After a month hiatus, the Girl Who Jumped is back! I think I needed a short break, but let’s face it: I can’t live here without constantly contemplating all the strange Parisian idiosyncrasies.
I still haven’t completely accepted the impossibly complicated organization of all things administrative here nor do I think I ever will. Could someone please explain to me why in order to receive a student discount for an ear piercing I couldn’t simply show my student ID card but rather would have had to fill out an entire stack of papers? The giant poster outside the store advertising 15% off for students was honestly pretty misleading…by the time all the paperwork was filled out and everything had been processed, I probably wouldn’t have even been a student anymore! You think you have one thing to sign, but then they end up demanding your life story, written with exactly 374 words per page on 27 pages, plus locks of hair from all four of your grandparents and a sample of blood from the neighbor living down the street who can testify that your intentions are legitimate.
I don’t really understand how it was completely normal that when my friend was taking a bus home late one night, the driver stopped the bus midway along the route to take a 20-minute coffee break.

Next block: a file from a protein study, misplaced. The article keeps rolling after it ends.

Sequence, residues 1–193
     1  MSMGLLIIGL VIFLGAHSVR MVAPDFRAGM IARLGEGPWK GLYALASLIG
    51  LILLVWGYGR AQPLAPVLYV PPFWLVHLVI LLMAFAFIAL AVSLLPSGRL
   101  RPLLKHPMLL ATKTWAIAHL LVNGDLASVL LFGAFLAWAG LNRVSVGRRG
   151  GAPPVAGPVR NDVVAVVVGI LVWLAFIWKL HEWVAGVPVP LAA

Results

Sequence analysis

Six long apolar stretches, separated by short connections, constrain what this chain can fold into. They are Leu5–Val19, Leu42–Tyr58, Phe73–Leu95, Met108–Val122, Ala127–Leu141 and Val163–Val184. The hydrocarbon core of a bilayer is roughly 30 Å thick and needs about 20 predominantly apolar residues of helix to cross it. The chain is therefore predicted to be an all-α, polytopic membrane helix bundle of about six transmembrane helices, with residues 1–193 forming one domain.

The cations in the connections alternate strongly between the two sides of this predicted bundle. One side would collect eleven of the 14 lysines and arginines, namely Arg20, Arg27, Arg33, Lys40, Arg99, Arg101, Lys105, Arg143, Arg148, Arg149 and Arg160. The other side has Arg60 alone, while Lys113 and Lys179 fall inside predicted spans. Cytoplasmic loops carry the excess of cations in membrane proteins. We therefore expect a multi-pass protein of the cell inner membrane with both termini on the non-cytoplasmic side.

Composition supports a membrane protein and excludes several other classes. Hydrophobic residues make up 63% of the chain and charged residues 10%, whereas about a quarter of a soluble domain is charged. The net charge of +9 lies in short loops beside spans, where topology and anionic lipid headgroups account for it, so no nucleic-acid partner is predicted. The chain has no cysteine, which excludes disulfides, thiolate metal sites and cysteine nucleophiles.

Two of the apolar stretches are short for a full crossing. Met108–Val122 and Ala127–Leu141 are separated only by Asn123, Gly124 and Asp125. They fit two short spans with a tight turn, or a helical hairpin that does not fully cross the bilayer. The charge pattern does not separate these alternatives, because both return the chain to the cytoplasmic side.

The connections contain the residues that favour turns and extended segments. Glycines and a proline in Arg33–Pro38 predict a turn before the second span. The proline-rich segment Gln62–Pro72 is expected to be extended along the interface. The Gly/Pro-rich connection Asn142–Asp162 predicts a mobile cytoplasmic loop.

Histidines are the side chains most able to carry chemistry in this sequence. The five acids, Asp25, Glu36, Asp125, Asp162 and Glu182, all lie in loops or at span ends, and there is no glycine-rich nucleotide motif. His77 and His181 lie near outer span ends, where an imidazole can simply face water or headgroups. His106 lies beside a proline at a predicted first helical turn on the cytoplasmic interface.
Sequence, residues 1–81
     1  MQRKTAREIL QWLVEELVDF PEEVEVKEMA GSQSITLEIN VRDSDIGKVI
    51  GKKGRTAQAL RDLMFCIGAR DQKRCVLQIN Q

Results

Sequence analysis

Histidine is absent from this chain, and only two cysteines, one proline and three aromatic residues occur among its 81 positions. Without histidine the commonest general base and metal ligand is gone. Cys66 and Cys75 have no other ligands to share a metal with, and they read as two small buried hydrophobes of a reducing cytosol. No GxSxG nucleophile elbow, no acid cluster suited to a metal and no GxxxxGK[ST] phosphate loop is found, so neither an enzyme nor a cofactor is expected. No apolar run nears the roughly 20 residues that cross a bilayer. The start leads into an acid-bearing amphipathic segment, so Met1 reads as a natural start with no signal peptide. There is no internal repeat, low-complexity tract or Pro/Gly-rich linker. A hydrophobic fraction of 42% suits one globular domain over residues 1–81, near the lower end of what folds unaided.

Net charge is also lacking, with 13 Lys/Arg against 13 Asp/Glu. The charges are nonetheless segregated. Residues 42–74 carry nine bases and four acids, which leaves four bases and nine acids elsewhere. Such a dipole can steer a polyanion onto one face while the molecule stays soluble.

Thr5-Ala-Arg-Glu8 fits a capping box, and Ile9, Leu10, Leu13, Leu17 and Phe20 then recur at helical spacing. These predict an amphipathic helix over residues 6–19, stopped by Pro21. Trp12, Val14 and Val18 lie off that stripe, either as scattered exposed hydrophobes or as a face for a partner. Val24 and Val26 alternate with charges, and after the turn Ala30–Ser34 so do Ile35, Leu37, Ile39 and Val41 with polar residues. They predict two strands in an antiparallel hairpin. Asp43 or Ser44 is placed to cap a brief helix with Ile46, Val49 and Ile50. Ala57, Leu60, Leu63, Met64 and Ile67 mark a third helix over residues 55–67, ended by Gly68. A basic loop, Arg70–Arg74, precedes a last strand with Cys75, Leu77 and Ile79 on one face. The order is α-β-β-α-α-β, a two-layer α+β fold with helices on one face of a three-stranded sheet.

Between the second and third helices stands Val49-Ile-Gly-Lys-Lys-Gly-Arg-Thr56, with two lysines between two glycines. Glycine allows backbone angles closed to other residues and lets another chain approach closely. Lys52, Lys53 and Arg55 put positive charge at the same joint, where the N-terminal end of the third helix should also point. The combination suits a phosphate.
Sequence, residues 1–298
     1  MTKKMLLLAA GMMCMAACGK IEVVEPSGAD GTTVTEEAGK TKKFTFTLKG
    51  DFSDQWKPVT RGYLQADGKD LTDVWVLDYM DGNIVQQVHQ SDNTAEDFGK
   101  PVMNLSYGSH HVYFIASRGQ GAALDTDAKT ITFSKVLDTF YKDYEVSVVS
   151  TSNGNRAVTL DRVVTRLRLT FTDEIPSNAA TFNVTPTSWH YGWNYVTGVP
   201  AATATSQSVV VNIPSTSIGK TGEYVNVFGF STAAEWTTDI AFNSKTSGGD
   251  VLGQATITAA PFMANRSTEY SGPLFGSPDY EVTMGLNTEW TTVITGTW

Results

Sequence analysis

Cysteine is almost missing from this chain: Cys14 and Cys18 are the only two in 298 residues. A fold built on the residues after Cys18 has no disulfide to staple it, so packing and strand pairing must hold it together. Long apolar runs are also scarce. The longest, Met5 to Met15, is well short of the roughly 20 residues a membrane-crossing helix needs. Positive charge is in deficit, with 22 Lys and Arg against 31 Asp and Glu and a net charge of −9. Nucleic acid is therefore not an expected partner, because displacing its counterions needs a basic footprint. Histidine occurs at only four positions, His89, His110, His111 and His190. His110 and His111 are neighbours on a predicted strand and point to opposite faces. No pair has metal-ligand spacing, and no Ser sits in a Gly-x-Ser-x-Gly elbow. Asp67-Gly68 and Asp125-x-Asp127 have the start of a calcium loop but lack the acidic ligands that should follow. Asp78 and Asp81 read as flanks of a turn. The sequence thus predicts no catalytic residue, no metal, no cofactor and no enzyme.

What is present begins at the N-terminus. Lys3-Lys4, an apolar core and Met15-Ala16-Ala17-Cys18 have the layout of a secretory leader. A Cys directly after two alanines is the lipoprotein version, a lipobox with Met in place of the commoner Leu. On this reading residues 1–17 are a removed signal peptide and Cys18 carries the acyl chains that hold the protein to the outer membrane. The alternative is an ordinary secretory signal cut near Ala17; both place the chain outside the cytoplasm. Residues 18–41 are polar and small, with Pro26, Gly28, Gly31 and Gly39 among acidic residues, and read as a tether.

Also, vegetables don’t really seem to exist here, unless of course they’re smothered in sauce alongside a hearty piece of meat.
And why haven’t Parisians learned to pick up their dogs’ droppings yet?
There are no French equivalents to the words quiet or cheap, and the literal translation of wand into French is “magical baguette.”
Although there will always be these things (and countless others) that I will never understand about Parisians or the French language, I’ve adapted myself to the Parisian lifestyle, more than I sometimes even realize.
I knew something had changed in me when the teller at the post office told me they didn’t have any stamps left and wouldn’t have until later that week and I walked out not finding anything strange about the conversation.
I would now never be caught eating or drinking in the streets, unless for some reason I wanted to be viewed as an uncivilized rogue.
I don’t even want to think about what I’ll do when I go home and there’s not a baguette with literally every meal.
This French conversation is now completely natural and normal to me:
“Ça va! Ça va?”
Maybe Paris and I are like two lovers who just moved in together; I always had an image of her in my mind, a magical, romantic, idealized Paris, and since I’ve moved here I’ve seen things that didn’t exactly match the picture in my mind. And yet, just like two people who live together, I’ve learned that seeing Paris for who she truly is hasn’t made me love her any less but, in fact, more. It’s as if I think Paris is still beautiful even after I’ve seen her in sweatpants (which is saying a lot since no true Parisian would ever be caught dead wearing sweatpants in public here).
And so, the Girl Who Jumped is back to give you all a taste of Paris…from the view of an American girl who’s dreamed her whole life of living in this gorgeous, ridiculous, incomprehensible, magical city.